The results of our study corroborate those of previous studies, which consistently show that patients with Medicaid face increased challenges during the course of orthopaedic care; patients with Medicaid must travel farther to obtain orthopaedic care, wait a longer time before accessing care, are delayed in receiving the diagnosis of an acute orthopaedic injury, experience disruption in continuity of ambulatory care, and experience worse outcomes after surgery compared with patients with different health insurance [3, 9, 11, 19]. Pierce et al. [14] observed that the pediatric patients with Medicaid seeking outpatient care for an ACL tear before Medicaid expansion were 57 times less likely to receive an appointment within 2 weeks compared with a child with private insurance.

The results of the simulated patient survey study suggest that this inequality may be present to varying degrees on a state-by-state basis, as differences were observed in Medicaid acceptance rates among states surveyed. This was supported by our findings in the national survey, where access to orthopaedic care increased with increasing Medicaid reimbursement rates as well as the academic practice setting on a nationwide scale. Before the PPACA, Skaggs et al. [16] observed a state-by-state variation in access to care for pediatric orthopaedic patients, reporting that state-based access to care improved as state-determined physician reimbursement rates for treatment of a nondisplaced radius and ulna fracture without manipulation increased. Kim et al. [11] had similar findings, observing increased success in appointment scheduling for patients with Medicaid in states with a direct relationship between increased Medicaid reimbursement rates.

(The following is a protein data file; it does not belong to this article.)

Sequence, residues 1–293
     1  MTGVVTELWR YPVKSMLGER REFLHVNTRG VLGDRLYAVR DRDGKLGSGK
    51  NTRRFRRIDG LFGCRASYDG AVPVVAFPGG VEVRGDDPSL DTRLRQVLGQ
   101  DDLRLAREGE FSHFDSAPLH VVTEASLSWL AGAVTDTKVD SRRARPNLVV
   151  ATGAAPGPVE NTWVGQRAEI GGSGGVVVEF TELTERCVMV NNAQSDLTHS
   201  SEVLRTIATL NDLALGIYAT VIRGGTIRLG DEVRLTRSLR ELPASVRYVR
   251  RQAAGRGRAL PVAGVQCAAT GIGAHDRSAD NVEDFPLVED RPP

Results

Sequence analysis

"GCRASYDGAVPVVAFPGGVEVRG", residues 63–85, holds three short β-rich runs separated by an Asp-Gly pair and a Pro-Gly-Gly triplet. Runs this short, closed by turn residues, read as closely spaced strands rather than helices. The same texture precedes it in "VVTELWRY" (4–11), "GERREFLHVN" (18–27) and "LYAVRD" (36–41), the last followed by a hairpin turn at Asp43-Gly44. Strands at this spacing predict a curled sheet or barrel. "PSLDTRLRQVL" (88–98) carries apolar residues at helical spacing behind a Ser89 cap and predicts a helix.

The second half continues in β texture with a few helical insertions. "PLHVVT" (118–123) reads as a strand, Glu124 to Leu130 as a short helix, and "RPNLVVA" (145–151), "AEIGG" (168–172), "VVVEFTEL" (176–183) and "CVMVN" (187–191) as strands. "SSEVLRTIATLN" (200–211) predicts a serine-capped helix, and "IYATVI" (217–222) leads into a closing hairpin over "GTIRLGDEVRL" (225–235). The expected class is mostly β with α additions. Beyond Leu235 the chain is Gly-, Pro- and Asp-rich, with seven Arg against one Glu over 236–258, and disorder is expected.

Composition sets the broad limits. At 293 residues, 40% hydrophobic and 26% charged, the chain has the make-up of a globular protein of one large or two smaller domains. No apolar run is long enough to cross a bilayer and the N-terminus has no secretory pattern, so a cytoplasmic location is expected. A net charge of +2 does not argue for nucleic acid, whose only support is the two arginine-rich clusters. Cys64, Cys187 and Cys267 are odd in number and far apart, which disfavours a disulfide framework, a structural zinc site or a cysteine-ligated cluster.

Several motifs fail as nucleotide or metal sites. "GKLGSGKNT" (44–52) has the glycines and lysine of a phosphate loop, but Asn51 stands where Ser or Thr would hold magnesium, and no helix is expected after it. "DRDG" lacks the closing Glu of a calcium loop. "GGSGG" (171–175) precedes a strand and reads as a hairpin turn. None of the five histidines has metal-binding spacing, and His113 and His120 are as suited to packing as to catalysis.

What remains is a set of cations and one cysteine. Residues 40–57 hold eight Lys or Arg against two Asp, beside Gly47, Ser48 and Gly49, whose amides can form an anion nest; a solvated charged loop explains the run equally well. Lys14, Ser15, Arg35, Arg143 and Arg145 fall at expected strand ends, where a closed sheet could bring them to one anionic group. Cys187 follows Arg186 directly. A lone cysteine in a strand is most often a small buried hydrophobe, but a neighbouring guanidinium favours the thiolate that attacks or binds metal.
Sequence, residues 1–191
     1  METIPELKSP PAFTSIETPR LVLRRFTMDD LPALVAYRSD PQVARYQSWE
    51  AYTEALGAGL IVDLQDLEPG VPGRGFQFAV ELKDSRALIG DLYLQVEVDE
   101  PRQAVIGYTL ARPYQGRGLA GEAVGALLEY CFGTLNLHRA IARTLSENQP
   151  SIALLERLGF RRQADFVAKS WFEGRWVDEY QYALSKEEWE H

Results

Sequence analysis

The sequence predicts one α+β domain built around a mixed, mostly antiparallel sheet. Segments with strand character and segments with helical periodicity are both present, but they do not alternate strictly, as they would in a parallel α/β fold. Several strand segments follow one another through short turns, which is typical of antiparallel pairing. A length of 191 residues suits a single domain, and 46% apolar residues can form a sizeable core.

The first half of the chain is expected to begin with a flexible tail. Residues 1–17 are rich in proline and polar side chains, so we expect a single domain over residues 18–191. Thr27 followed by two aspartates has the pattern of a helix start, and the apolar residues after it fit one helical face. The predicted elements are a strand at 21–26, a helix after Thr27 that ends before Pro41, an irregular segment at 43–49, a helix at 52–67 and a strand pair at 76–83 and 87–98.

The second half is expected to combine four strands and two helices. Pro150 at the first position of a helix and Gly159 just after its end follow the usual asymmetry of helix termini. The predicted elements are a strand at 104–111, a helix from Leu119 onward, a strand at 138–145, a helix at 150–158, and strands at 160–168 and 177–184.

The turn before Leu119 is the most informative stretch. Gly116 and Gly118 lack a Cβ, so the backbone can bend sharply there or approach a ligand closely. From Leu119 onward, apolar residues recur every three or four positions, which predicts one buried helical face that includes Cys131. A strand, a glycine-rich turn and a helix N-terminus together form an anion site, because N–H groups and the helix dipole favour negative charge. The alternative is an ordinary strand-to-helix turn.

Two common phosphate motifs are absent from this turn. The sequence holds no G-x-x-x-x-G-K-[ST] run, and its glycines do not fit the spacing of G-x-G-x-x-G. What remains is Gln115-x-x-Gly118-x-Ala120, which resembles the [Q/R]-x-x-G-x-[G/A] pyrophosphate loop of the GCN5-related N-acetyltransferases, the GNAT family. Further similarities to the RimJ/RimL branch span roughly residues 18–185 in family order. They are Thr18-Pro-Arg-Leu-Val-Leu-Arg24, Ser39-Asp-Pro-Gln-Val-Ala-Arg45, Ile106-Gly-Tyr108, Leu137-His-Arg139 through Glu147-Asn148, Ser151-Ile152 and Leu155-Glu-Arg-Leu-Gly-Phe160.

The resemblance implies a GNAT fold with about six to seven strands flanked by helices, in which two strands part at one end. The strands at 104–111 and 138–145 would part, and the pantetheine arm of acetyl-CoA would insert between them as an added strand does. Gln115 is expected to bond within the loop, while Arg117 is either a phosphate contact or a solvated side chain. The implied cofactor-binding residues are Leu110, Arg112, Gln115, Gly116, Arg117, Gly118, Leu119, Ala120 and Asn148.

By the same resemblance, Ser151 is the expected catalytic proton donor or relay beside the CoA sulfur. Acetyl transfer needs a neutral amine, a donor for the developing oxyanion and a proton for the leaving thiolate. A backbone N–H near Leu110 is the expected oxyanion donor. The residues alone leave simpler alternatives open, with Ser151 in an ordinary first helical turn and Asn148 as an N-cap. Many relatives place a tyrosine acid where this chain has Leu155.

Our study and several others [11, 13, 16] showed that limited access to orthopaedic care for the Medicaid population is associated with low physician reimbursement rates. While individuals responding to phone surveys in both studies rarely cited low Medicaid reimbursement as a reason to limit care, this correlation suggests that financial remuneration does play a role in access to orthopaedic care. Prevention of discrepancies in access to care attributable to reimbursement disparities between the Medicaid and private insurance populations is in part why the equal access provision of the Medicaid Act was implemented in the Social Security Act [18]. This requires physician reimbursement rates to be “sufficient to enlist enough providers so that services under the plan are available to recipients at least to the extent that those services are available to the general population” [18]. Despite this provision, the reimbursement rate disparity between private insurance and Medicaid continues to be substantial, as does the disparity between Medicaid and Medicare rates [10]. Additionally, for a given reimbursement rate, private practices were less likely to take an adult patient with Medicaid insurance relative to an academic practice.